Professor Adrian Hill of the Jenner Institute at Oxford University, who is leading the Oxford trial, said: "The response we have seen from people coming forward to take part has been remarkable."


Oxford University reveals new study on Alzheimer's Disease

New research on Vitamin B Credit: ITV news

Taking B vitamins won't prevent Alzheimer's disease according to researchers at Oxford University. One trial undertaken four years ago showed - for some - it had an effect on the rate of brain shrinkage.

But new clinical trials involving 20,000 people show it doesn't slow mental decline nor is it likely to prevent the disease.Dr Robert Clarke from Oxford University who led the work said: "It would have been nice to have found something different

"Our study draws a line under the debate: B vitamins don't reduce cognitive decline as we age. Taking folic acid and vitamin B-12 is sadly not going to prevent Alzheimer's disease."

He added " It's better to have a balanced diet - eat more fruit and vegetables, avoid too much red meat and too many calories."

The study was funded by the British Heart Foundation, the UK Medical Research Council, Cancer Research UK, the UK Food Standards Agency and the Department of Health. The findings are published in the American Journal of Clinical Nutrition.

"I was always confident I'd be found innocent"

Video. The former president of Oxford's debating society, Ben Sullivan, told ITV that he was always confident that he would be found innocent after being arrested on rape charges.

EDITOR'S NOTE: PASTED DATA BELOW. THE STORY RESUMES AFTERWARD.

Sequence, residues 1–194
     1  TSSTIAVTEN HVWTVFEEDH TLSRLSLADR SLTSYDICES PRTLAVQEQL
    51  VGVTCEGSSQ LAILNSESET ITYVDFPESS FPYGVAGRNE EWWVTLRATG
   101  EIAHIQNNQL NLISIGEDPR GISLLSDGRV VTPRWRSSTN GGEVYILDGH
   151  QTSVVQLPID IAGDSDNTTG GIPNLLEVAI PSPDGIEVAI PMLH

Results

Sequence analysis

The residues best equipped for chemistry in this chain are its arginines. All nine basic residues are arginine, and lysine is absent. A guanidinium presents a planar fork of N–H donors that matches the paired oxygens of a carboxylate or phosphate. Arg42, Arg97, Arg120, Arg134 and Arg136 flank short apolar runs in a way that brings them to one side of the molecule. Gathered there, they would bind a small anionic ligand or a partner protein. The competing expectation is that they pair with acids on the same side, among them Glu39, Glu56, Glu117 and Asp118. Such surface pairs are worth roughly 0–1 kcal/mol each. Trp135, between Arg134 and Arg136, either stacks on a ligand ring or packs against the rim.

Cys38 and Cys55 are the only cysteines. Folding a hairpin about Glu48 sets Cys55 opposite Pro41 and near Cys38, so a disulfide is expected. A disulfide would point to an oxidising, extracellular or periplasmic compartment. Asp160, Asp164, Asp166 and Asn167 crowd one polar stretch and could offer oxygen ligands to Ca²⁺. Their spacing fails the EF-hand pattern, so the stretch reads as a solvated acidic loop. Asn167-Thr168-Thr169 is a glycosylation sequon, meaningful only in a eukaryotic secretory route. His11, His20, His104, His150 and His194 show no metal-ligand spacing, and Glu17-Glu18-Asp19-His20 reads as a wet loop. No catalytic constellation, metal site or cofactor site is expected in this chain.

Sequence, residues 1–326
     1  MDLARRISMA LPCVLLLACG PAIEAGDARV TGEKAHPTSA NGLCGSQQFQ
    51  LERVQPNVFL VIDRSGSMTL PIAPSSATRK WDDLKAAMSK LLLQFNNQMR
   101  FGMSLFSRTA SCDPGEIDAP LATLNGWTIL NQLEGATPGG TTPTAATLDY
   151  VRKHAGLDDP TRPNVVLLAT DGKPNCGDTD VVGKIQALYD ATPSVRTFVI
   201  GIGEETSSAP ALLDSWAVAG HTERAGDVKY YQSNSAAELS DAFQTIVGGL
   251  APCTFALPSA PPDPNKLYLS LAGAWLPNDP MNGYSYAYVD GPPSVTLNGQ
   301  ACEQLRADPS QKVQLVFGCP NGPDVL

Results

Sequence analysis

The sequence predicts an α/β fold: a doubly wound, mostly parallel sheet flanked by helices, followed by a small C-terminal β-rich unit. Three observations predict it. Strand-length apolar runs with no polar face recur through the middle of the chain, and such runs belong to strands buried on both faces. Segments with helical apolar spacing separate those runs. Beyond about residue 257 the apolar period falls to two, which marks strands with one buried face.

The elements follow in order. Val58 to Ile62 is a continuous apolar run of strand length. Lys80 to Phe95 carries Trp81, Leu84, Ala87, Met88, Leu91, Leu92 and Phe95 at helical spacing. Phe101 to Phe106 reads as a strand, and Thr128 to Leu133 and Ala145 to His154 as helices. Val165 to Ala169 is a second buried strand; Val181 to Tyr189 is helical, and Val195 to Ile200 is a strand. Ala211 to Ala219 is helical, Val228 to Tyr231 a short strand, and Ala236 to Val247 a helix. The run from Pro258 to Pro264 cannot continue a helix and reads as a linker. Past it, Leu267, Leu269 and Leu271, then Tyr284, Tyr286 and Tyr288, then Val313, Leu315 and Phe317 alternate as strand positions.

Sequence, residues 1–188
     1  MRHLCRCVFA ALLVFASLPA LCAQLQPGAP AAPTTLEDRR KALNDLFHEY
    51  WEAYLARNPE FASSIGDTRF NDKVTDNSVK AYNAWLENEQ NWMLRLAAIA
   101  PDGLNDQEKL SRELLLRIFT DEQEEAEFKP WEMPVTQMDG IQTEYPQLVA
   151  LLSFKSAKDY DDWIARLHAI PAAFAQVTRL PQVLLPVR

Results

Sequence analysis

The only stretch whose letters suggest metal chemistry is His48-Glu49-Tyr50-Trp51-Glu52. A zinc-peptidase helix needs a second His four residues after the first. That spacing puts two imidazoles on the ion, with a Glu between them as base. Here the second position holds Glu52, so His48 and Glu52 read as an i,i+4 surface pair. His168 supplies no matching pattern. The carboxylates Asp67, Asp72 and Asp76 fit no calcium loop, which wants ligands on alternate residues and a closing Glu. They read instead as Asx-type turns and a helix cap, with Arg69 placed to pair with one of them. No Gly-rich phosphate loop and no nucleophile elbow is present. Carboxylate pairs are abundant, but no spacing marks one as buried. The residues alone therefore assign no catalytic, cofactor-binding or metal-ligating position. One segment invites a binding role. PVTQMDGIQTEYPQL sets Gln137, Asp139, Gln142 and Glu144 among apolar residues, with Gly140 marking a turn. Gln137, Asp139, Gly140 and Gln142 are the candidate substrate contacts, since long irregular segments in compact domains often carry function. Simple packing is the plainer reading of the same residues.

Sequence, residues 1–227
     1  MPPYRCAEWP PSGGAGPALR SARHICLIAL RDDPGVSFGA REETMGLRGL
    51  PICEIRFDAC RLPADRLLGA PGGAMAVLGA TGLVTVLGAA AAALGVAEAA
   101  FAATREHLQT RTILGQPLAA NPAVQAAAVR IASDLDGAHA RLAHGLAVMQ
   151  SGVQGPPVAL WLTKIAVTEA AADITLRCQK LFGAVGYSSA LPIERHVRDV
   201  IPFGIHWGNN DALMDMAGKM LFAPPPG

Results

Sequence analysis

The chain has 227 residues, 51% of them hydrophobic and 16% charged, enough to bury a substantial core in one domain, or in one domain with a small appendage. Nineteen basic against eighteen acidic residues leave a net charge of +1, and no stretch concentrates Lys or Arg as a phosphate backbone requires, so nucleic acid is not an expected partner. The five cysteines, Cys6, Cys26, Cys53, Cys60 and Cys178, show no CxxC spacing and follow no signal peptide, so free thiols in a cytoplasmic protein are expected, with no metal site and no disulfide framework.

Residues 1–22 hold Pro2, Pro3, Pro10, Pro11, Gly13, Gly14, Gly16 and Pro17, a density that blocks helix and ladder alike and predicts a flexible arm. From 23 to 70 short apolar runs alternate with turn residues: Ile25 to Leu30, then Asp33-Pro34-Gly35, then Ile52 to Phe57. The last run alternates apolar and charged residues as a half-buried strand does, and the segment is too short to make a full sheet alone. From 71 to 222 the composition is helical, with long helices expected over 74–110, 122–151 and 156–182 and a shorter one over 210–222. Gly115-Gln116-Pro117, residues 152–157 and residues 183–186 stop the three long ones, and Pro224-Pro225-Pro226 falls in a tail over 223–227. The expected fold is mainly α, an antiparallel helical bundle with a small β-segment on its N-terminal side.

Thames Valley Police have now told Ben that he will face no further action, after he was arrested six weeks ago.

Student reputation left "in tatters" after rape allegation

Ben Sullivan Credit: ITV News

The former President of Oxford University's prestigious debating society has told ITV how his reputation was left "in tatters" after he was arrested on rape charges.

Ben Sullivan, who was head of the Oxford Union, has been told by Thames Valley Police that he will not face further action.

After his arrest, a petition was launched for him to step down, and many high-profile speakers boycotted debates.

  1. National

NHS: Statins save 7,000 lives a year in the UK

A 2012 Oxford University study, published in The Lancet medical journal, showed that even very low-risk patients benefited from taking cholesterol-lowering statins.

Rory Collins, professor of medicine at Oxford University, worked on the research and said the number of people who could begin taking statins as a result of the new Nice guidance "would be in the the order" of around five million.

He added: "The evidence is very strong that the treatment is cost-effective at these lower levels. Doctors are now in a position to offer statins on this basis."

He said it was up to individual patients to decide whether they wanted to take statins, based on their risk assessment, but Nice's strategy would "reduce the burden on the health service".

The NHS estimates that statins save 7,000 lives a year in the UK.